What Is Assessed Value?
An assessed value is the dollar value assigned to a property to measure applicable taxes. Assessed valuation determines the value of a residence for tax purposes and takes comparable home sales and inspections into consideration. It is the price placed on a home by the corresponding government municipality to calculate property taxes.
In general, the assessed value tends to be lower than the appraised fair market value of property.
- Assessed value considers comparable home sales, location data, and inspections to determine the value of a residence for tax purposes.
- Depending on the state, tax assessors may be required to do on-site value assessments.
- Assessed value ratio used to calculate assessed value can be anywhere from 10% to 100% of the fair market value of a property.
Understanding Assessed Value
The assessed value of real estate or personal property is only used for measuring the applicable property tax, also known as an ad valorem tax. A government assessor is responsible for assigning the assessed value. Government assessors are usually designated by specified tax districts. Each tax region has different procedures for calculating assessed value; however, the basic standards are primarily the same. Assessed value determines the value of a residence for tax purposes and takes comparable home sales and inspections into consideration.
How Assessed Value Is Used for Property Tax
Assessors provide assessed valuations annually, which form the basis for a property owner's annual property tax. The assessed value is a percentage of the fair market value and takes into account the overall quality of the property, property values, square footage, home features, and market conditions. Many of these calculations are computerized, based on real estate data in the neighborhood and surrounding area.
Assessed value may decrease for a property if you are an owner-occupant (sometimes called a homestead exemption). The decrease in your property's assessed value doesn't affect the market value of the property; it only decreases your property tax bill.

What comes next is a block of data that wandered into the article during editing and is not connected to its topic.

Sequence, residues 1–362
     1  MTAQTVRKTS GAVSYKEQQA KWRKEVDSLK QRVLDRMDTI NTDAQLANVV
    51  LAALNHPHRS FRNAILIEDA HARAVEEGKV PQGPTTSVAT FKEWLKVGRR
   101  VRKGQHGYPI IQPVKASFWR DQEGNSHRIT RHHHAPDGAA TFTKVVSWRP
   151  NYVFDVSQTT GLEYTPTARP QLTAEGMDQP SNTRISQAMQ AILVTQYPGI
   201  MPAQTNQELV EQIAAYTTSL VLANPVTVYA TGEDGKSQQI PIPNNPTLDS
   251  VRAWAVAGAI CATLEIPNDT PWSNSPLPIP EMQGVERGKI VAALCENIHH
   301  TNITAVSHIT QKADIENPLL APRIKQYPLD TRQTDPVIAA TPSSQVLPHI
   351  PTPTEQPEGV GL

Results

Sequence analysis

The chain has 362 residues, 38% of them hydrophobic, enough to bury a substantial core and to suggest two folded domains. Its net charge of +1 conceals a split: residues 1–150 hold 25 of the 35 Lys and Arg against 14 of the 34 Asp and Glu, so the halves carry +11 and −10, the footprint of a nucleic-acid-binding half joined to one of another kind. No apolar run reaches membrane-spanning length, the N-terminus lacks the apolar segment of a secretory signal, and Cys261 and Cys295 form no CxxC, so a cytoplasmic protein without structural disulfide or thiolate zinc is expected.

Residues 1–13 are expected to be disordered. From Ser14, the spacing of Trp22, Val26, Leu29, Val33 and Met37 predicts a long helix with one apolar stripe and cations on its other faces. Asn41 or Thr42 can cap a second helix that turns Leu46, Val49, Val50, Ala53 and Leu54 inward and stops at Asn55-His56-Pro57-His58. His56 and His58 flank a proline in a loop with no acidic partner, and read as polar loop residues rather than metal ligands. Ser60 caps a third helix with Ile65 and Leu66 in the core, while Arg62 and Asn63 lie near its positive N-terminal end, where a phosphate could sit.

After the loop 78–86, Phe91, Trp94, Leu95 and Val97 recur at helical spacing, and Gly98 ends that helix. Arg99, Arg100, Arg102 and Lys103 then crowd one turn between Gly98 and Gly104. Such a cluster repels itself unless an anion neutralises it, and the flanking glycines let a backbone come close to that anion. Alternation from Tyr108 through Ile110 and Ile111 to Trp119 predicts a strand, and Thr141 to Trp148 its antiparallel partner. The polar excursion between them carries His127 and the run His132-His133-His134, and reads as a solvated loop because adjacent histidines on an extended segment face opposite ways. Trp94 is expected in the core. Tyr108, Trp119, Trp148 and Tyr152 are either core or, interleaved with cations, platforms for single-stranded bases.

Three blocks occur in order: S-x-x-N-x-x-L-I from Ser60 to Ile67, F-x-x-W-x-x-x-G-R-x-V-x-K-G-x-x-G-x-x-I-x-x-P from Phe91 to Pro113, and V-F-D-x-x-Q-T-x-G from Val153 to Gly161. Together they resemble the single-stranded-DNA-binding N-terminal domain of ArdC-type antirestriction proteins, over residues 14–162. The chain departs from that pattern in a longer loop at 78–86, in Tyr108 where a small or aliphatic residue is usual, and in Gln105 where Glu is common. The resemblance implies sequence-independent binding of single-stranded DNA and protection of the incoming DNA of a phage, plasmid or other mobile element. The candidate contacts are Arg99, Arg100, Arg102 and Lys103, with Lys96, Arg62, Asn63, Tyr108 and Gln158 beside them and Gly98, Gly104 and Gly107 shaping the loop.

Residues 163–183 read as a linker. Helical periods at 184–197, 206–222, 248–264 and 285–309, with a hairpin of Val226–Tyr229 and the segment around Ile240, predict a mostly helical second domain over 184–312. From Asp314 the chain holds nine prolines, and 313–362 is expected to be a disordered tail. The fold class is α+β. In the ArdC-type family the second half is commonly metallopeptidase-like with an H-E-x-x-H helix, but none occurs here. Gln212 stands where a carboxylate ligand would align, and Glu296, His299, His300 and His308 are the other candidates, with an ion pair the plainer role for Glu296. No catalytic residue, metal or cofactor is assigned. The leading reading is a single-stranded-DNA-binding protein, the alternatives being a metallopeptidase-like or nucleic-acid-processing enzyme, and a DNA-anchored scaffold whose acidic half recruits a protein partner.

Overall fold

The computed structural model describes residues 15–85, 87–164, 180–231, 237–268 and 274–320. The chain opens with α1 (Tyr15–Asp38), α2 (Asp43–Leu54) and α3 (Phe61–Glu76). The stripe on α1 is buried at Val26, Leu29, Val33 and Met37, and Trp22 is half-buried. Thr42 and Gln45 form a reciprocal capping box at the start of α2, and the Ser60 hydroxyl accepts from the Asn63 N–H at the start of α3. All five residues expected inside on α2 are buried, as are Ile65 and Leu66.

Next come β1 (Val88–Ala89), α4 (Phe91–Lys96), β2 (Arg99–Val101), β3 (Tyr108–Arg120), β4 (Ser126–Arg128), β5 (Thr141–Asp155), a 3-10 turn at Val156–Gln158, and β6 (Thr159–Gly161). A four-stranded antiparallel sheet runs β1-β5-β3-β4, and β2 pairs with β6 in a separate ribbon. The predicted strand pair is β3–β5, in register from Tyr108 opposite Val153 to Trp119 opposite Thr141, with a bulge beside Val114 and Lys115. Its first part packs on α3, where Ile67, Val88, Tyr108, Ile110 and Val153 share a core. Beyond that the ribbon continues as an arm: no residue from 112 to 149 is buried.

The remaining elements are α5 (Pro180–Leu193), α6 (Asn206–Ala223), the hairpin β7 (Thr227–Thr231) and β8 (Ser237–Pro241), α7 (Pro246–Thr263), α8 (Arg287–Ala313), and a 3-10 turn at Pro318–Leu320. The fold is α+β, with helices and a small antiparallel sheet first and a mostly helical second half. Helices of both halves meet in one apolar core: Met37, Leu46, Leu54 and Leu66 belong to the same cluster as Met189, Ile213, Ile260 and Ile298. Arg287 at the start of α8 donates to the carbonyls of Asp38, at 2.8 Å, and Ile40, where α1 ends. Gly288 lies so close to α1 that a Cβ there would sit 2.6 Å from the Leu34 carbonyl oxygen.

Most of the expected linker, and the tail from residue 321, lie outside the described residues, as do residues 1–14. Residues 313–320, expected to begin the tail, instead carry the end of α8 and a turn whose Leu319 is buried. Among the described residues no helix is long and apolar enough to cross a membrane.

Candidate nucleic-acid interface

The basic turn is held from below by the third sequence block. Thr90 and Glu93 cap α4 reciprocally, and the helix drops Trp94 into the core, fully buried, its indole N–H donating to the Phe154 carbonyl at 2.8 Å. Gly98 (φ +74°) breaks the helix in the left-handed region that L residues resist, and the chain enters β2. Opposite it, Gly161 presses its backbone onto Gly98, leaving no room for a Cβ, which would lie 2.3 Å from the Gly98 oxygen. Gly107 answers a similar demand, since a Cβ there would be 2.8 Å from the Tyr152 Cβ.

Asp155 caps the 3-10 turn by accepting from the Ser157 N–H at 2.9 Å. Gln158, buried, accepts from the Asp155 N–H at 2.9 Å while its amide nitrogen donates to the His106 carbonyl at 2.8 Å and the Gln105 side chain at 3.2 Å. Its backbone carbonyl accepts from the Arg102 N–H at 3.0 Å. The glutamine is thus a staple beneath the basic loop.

How Real Estate Data Affects Assessed Value
Most assessed values are arrived at from real estate data. Assessors may be required to do on-site assessments, and states have varying requirements for how often assessors must physically visit real estate properties for assessment. Property owners who want to dispute the assessed value placed on their property can request a reassessment, which is a second evaluation of the value of the property.
Assessed Value vs. Fair Market Value
In most states, final property assessment values are a percentage of the property’s fair market value. The assessed value ratio for arriving at the assessed value varies considerably by state. This assessed value ratio can be anywhere from 10% to 100% of a property’s fair market value. Mississippi has one of the lowest ratios in the nation at 10%. Massachusetts has one of the highest assessment ratios at 100%.
To calculate property tax, most states use the following equation, which typically includes a millage rate, or tax rate:
Value x Assessment Ratio x Millage Rate = Effective Property Tax
The millage rate is the tax rate applied to the assessed value. Millage rates are typically expressed per $1,000 with one mill representing $1 in tax for every $1,000.
Most states also require a tax on personal property, which is also usually derived from the property’s assessed value. Personal property requiring tax can include mobile homes, cars, motorcycles, and boats.